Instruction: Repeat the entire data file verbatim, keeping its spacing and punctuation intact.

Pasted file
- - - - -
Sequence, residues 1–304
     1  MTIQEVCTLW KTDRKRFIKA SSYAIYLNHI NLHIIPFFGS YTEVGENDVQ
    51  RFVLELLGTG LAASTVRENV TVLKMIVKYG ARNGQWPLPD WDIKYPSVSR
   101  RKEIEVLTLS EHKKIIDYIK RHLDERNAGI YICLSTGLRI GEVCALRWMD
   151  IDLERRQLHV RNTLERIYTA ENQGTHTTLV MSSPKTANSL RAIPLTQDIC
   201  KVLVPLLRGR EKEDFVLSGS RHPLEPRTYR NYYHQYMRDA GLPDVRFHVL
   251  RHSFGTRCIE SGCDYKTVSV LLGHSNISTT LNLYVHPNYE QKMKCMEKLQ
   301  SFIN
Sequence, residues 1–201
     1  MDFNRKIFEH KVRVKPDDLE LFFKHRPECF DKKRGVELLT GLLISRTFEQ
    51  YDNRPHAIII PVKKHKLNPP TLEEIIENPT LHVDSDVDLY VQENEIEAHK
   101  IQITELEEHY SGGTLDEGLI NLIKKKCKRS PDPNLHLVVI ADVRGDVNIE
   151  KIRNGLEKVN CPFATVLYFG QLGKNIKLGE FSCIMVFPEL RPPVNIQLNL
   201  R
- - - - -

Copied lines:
Sequence, residues 1–304
     1  MTIQEVCTLW KTDRKRFIKA SSYAIYLNHI NLHIIPFFGS YTEVGENDVQ
    51  RFVLELLGTG LAASTVRENV TVLKMIVKYG ARNGQWPLPD WDIKYPSVSR
   101  RKEIEVLTLS EHKKIIDYIK RHLDERNAGI YICLSTGLRI GEVCALRWMD
   151  IDLERRQLHV RNTLERIYTA ENQGTHTTLV MSSPKTANSL RAIPLTQDIC
   201  KVLVPLLRGR EKEDFVLSGS RHPLEPRTYR NYYHQYMRDA GLPDVRFHVL
   251  RHSFGTRCIE SGCDYKTVSV LLGHSNISTT LNLYVHPNYE QKMKCMEKLQ
   301  SFIN
Sequence, residues 1–201
     1  MDFNRKIFEH KVRVKPDDLE LFFKHRPECF DKKRGVELLT GLLISRTFEQ
    51  YDNRPHAIII PVKKHKLNPP TLEEIIENPT LHVDSDVDLY VQENEIEAHK
   101  IQITELEEHY SGGTLDEGLI NLIKKKCKRS PDPNLHLVVI ADVRGDVNIE
   151  KIRNGLEKVN CPFATVLYFG QLGKNIKLGE FSCIMVFPEL RPPVNIQLNL
   201  R